REPORT: The Taliban Is Hunting Down, Killing Afghans Using Biometric Data Gathered And Then Abandoned By The US

(Jose Cabezas/AFP/GettyImages)

Varun Hukeri General Assignment & Analysis Reporter
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A Taliban special unit called Al Isha is reportedly using American-made biometric equipment and data left behind in Afghanistan to hunt down Afghans who assisted U.S. and coalition forces.

Nawazuddin Haqqani, a brigade commander over Al Isha, reportedly said in an interview with Zenger News that the special unit is using hand-held biometric scanners taken from the U.S. military and a U.S. biometric database to identify anyone who worked with NATO or Indian intelligence.

“Now that Kabul is taken, operational work has taken a back seat and we’ve turned our focus on counterintelligence,” he reportedly told Zenger News in a mobile phone conversation Saturday. “While most of the brigade is now resting in different madrassas [Islamic religious schools], the Al Isha group is now the principal agency data project.”

Haqqani’s interview with Zenger News had not been fully released at the time of publication. The New York Post first reported the story Friday.

U.S. military biometric devices known as Handheld Interagency Identity Detection Equipment (HIIDE) were also taken by the Taliban as the Islamist militant group advanced across Afghanistan and captured Kabul earlier this month, current and former U.S. military officials told The Intercept last week.

The equipment now reportedly being used by the Taliban contain biometric data such as iris scans and fingerprints, along with biographical information, and are stored in large databases. Officials noted the equipment was used to collect data on Afghans who assisted U.S. forces and were often used in national identification cards. (RELATED: Sullivan Says ‘Fair Amount’ Of US Weapons Have Fallen Into Taliban Hands)

The Department of Defense had initially planned to gather biometric data on roughly 80% of the Afghan population in order to locate terrorists and criminals, investigative reporter Annie Jacobsen told NPR in a January interview.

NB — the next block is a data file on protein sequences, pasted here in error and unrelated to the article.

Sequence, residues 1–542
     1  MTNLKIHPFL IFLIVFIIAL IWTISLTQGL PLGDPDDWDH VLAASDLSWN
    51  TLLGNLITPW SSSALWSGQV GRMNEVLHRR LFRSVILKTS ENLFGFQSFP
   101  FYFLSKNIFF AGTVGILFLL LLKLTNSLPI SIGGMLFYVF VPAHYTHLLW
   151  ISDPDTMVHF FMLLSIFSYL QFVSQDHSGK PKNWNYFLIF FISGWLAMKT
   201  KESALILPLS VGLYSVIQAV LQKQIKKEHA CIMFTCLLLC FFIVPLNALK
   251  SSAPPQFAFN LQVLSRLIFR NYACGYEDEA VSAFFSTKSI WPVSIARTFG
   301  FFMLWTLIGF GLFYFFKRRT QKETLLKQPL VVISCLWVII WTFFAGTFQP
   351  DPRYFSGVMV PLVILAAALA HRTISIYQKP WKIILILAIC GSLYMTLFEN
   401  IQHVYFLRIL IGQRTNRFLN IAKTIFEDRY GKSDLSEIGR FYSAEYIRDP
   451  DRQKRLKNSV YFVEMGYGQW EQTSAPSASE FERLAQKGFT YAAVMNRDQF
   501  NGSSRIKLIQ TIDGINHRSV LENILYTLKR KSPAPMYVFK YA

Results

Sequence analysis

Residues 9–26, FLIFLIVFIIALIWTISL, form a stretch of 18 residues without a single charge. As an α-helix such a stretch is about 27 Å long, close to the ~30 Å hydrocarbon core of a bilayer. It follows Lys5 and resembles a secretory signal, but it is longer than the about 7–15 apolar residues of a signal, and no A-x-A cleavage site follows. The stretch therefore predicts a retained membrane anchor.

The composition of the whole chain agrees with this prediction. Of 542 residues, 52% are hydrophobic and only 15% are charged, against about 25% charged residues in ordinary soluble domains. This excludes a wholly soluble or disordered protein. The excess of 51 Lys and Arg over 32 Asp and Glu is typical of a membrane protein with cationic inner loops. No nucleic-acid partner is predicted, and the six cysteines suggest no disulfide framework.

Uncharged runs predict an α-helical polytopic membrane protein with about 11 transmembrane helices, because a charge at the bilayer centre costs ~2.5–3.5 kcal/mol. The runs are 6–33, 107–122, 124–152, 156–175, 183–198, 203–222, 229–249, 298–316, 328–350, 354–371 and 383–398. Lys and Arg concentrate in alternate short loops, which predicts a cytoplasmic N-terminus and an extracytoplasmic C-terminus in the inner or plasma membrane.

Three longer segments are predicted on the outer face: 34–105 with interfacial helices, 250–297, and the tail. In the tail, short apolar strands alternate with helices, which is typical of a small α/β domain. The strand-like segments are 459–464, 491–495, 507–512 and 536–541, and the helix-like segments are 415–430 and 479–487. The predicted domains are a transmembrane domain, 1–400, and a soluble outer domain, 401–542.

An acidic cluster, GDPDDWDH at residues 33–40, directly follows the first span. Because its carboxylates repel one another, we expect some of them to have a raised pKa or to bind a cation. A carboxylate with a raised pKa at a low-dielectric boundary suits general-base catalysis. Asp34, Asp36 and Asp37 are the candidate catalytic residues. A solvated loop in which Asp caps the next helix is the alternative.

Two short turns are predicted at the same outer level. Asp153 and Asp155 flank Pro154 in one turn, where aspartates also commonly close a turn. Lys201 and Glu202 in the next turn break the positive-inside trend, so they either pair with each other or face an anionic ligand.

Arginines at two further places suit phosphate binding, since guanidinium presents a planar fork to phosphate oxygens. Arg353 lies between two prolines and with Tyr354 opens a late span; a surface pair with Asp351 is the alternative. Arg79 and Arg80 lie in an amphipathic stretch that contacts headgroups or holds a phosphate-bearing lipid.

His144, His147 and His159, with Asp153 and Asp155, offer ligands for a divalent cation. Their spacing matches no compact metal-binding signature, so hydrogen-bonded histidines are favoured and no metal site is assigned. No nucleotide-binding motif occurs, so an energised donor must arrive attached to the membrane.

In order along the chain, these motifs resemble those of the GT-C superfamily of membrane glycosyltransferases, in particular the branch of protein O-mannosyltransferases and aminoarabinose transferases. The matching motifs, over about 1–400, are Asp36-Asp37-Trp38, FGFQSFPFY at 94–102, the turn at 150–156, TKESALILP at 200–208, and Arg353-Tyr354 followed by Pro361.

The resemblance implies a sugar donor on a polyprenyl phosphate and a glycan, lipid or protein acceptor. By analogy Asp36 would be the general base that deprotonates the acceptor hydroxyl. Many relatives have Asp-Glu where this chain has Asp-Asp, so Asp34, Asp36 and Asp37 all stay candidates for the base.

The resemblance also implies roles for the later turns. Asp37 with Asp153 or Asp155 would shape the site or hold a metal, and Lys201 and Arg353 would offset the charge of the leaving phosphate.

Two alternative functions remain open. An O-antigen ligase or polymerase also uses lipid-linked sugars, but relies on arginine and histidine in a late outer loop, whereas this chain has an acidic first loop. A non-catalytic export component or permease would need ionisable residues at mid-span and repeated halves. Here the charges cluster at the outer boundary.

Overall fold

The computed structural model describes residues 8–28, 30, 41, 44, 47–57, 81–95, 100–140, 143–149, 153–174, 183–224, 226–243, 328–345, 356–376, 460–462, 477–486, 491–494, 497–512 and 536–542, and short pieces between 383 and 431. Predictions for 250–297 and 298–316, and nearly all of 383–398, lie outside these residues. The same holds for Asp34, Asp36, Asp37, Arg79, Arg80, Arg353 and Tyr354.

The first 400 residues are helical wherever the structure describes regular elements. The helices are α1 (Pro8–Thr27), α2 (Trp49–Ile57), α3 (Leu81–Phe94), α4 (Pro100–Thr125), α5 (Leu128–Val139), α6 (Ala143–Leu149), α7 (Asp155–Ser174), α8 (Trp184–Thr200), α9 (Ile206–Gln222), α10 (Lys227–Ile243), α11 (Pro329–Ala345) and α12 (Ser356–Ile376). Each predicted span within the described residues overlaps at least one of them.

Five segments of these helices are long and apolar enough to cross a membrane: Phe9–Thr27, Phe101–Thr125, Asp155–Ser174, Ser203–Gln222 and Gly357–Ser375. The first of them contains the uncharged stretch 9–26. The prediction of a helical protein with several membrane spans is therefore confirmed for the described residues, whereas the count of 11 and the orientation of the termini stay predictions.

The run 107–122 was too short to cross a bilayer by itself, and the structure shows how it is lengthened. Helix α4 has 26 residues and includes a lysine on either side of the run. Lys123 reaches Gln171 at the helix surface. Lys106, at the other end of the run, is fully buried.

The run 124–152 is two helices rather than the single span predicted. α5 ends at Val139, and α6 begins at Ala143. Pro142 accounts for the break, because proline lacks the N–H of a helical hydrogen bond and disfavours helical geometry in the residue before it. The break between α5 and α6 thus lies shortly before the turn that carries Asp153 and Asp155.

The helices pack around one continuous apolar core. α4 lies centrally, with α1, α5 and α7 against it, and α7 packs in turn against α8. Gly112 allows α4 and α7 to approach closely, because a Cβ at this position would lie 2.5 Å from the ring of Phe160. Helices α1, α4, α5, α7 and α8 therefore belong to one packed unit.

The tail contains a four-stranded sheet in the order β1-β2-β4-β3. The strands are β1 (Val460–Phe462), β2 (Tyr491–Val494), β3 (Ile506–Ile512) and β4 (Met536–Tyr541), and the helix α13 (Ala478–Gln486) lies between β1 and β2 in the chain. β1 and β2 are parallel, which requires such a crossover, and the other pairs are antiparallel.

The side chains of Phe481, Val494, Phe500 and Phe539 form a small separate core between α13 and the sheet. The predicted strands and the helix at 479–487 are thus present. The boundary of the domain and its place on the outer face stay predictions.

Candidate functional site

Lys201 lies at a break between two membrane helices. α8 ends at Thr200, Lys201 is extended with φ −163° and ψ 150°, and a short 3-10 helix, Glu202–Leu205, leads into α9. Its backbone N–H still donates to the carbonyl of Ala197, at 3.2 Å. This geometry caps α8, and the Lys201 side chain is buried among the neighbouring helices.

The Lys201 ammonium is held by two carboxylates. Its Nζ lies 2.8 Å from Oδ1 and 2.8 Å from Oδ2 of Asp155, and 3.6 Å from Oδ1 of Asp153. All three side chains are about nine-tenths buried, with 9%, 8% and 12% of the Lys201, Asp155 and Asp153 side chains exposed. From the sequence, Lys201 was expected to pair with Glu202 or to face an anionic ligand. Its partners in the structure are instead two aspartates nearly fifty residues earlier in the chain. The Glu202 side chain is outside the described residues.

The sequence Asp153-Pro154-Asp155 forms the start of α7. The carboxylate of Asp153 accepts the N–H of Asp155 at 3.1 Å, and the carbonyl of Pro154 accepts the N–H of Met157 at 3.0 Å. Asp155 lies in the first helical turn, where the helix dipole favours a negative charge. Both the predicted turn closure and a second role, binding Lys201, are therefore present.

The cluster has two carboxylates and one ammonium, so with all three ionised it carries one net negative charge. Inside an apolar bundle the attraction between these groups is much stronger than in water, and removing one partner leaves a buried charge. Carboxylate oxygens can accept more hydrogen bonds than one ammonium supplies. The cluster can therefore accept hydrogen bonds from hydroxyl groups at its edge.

It’s unclear how much of the U.S. military’s biometric database on the Afghan population has been taken by the Taliban or whether the militant group has additional technology to help process the data.

DAND DISTRICT, KANDAHAR PROVINCE - JUNE 14: A US Army soldier in the 1-71 Cavalry performs an iris scan for identification purposes with a handheld biometric device June 14, 2010 in rural Dand District, just south of Kandahar, Afghanistan. US soldiers of the 1st Squadron, 71st Cavalry Regiment of the 10th Mountain Division are using biometric tools to catalog all military-aged men and boys in Dand Province, part of a counterinsurgency strategy aimed at finding and identifying Taliban insurgents and legitimizing the government of Afghanistan in the minds of the rural local populace. (Photo by Chris Hondros/Getty Images)

A US Army soldier in the 1-71 Cavalry performs an iris scan for identification purposes with a handheld biometric device June 14, 2010, in rural Dand District, just south of Kandahar, Afghanistan (Chris Hondros/Getty Images)

Haqqani reportedly told Zenger News that the Al Isha unit has more than doubled in size over the past month and now includes nearly 1,100 personnel spread out across most of the country, according to the New York Post. He also didn’t deny reports that Pakistani intelligence officers are helping the Taliban process biometric data.

“You are not that naive — you know the answer to that,” he said. “But what I can say is, it’s not necessary to train everyone in Pakistan. The Emirs are quite capable of training the foot soldiers to handle the equipment.”

Haqqani reportedly threatened that the “puppets” who worked with the U.S. or the former Afghan government “won’t be let off,” according to the New York Post.

“They will always be watched by Al Isha,” he reportedly told Zenger News. “Those who were barking about having US dollars in their pockets till a few days back — they won’t be spared. They can’t be spared, can they?”